A ruling by a California federal court has confirmed that open source licenses for free public software can be legally enforced as contracts and that modification or distribution of open source code in a manner that violates the license terms may infringe copyrights.
Open source (sometimes called “copyleft”) licenses typically provide that users can run and edit the source code for free, but that if the program is distributed to third parties (either by itself or as integrated into another software program), the open source license terms apply to these activities. Some common open source licenses, made freely available for use to promote open source development and collaboration, require notifying third parties that the code is governed by the license and making a copy of the distributed source code (possibly including the source code for the larger product in which the public software is integrated) available with the program. For these reasons, companies that use or distribute third-party open source code (i.e., most companies) should develop policies to ensure that they are complying with open source licenses and do not unintentionally “infect” their proprietary software by integrating public code which triggers a contractual requirement to distribute their own source code. It is because of the desire to avoid such a potentially disastrous disclosure of trade-secret materials that many open source developers offer their products under a dual-licensing model, where a licensee can pay a fee to acquire the software under less problematic terms.
In Artifex Software, Inc. v. Hancom, Inc., No. 16-cv-06982-JSC (N.D. Cal. Apr. 25, 2017), Artifex offered its Ghostscript software (a program that interprets PDF documents for printing and display) under such a dual licensing model, but, according to Artifex’s complaint, the defendant Hancom failed to purchase the commercial (paid) license for Ghostscript before incorporating it into its word processing program Hangul. Artifex provided the open source offering of Ghostscript under the Free Software Foundation’s popular GNU General Public License (GNU GPL). The relevant version of the GNU GPL stated that by modifying or propagating a work covered by the license, the user accepted the terms of the license. Artifex alleged that because Hancom integrated Ghostscript into Hangul without notifying end-users that Ghostscript was part of the software, the GNU GPL required Hancom to distribute Hangul with its source code. When Hancom failed to do so, Artifex sued for copyright infringement and breach of the GNU GPL, seeking both damages and a court order to force Hancom to distribute the source code.
Asserting a breach of contract claim for violation of a software license in addition to a copyright claim can substantially expand the licensor’s rights and remedies, since the U.S. Copyright Act limits the types of damages that are recoverable for infringement, and for the most part infringing acts that occur outside the U.S. (an issue in Artifex case) are not actionable. Hancom moved to dismiss Artifex’s breach of contract claim on the grounds that Artifex could not establish Hancom’s assent to the GNU GPL or that Artifex had suffered damages. The U.S. District Court for the Northern District of California easily disposed of Hancom’s first argument by noting the GNU GPL provides that the user agrees to its terms if it fails to obtain a commercial license and that Hancom’s website stated Hancom had licensed Ghostscript under the GNU GPL. In its argument on damages Hancom essentially challenged Artifex’s ability to claim it was entitled to pecuniary damages or other relief for violation of a license in a product it was making available for free. (This is a variant of the widely held – and incorrect — “If it’s on the Internet, I should be able to do what I want with it” perception that often crops up in digital copyright matters.)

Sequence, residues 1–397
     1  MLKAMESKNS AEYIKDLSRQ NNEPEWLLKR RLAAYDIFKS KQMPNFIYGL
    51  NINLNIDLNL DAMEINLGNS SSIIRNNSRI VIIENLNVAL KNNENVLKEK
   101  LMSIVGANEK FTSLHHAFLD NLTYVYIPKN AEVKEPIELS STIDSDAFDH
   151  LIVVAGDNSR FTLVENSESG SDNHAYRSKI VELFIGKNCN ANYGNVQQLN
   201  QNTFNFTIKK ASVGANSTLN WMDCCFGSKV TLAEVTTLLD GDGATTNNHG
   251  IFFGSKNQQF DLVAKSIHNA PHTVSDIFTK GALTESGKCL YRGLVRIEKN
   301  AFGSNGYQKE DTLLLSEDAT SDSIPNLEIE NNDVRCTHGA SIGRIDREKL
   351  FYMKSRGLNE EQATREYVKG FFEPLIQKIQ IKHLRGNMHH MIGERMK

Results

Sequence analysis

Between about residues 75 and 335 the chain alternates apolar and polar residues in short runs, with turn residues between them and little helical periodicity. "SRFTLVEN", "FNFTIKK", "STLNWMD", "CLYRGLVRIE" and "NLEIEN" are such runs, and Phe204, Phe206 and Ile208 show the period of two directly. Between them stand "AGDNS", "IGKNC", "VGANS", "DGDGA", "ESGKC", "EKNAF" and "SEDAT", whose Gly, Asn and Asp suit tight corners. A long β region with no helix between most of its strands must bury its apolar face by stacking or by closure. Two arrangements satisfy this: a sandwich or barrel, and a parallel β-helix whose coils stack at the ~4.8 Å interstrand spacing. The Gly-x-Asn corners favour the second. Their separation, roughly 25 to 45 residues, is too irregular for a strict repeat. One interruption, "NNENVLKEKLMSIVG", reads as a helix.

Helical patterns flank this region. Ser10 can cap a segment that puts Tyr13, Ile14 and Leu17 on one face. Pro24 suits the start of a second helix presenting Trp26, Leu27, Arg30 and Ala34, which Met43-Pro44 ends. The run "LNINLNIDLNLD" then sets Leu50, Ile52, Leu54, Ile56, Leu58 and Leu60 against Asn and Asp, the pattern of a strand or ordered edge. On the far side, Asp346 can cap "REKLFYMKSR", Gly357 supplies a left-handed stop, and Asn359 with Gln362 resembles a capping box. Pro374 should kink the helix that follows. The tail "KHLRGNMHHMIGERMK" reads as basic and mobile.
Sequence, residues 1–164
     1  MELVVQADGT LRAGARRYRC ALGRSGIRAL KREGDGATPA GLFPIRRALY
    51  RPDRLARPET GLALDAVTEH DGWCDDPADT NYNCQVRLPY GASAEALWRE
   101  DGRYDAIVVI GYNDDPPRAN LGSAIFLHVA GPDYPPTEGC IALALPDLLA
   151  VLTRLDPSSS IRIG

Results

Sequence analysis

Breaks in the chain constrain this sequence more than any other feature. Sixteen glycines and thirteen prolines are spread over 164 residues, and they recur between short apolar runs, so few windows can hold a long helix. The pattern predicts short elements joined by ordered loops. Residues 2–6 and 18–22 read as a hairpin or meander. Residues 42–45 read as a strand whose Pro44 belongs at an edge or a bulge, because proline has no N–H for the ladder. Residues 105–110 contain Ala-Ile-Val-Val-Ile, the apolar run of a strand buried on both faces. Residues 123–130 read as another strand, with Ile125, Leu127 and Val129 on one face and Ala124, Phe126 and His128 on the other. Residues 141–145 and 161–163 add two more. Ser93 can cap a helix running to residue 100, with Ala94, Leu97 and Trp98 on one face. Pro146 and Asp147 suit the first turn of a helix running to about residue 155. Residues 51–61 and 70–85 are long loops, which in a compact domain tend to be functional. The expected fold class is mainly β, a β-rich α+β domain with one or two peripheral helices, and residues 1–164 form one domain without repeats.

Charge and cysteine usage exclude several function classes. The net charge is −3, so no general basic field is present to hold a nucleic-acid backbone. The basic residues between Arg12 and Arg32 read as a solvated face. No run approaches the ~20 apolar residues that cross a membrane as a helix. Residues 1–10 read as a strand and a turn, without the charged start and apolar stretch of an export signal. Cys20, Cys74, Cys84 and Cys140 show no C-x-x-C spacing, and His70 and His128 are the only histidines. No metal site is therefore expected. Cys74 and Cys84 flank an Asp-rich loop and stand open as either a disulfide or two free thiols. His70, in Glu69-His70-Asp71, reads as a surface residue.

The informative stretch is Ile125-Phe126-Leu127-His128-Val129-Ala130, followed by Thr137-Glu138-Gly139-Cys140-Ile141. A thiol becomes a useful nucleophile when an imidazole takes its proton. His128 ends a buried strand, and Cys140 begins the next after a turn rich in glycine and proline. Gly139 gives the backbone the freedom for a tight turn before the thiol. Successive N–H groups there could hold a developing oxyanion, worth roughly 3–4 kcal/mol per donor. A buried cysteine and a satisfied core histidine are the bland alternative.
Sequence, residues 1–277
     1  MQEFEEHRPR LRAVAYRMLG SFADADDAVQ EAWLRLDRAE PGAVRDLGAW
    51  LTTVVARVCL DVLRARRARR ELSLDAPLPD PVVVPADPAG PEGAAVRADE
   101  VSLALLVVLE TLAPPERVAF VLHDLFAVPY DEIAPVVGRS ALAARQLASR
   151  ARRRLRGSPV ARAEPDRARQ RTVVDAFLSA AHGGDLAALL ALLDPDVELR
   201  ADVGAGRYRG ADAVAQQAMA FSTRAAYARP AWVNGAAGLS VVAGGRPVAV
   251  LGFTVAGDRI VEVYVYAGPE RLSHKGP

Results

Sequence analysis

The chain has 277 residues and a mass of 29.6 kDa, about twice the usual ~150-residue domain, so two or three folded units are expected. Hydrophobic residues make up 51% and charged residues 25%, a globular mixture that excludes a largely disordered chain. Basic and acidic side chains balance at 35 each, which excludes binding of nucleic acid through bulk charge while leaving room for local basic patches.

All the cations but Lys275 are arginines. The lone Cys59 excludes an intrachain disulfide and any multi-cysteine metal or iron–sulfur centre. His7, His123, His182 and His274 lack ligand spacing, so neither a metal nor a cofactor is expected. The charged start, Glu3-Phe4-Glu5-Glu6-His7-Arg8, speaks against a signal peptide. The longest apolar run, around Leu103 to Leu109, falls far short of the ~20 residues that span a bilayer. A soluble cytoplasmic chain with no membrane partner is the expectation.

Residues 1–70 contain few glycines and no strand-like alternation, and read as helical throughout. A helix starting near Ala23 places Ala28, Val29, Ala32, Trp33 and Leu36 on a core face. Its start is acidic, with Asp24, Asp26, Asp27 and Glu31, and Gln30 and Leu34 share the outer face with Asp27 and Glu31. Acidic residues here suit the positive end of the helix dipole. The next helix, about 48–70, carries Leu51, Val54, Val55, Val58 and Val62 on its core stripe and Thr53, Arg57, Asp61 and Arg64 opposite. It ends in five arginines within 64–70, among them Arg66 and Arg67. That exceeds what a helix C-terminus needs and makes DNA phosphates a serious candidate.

The court rejected Hancom’s assertion that Artifex had failed to plead harm. Specifically, it noted, “Defendant’s use of Ghostscript without obtaining a commercial license or complying with GNU GPL deprived [Artifex] of the licensing fee, or alternatively, the ability to advance and develop Ghostscript through open-source sharing. Indeed, as the Federal Circuit has recognized, there is harm which flows from a party’s failure to comply with open source licensing: ‘[t]he lack of money changing hands in open source licensing should not be presumed to mean that there is no economic consideration’ because ‘[t]here are substantial benefits, including economic benefits, to the creation and distribution of copyrighted works under public licenses that range far beyond traditional license royalties.’ [quoting another case] [citations omitted].” Simply put, open source licenses are real contracts. The court went on to rule that Artifex’s breach of contract claim was not preempted by the U.S. Copyright Act and that Artifex had adequately stated a claim against Hancom for copyright infringement.
The Artifex decision strengthens the legal underpinnings of open source licensing and sets out a rationale for why these licenses deserve the same enforcement as other contracts. Companies that integrate or distribute open source with their proprietary products (even in a SaaS context where they do not make their own object code available to their customers) need to be cognizant of the code they are using and the accompanying licensing requirements and should consider seeking paid (commercial) licenses in certain sensitive areas where they wish to maintain a closed, proprietary framework for commercialization. This is not to underrate the considerable advantages of open source licensing in promoting adoption and evolution of a platform and improvements in support and security. However, companies should never make the mistake of believing that something that is free can’t cost you in the end.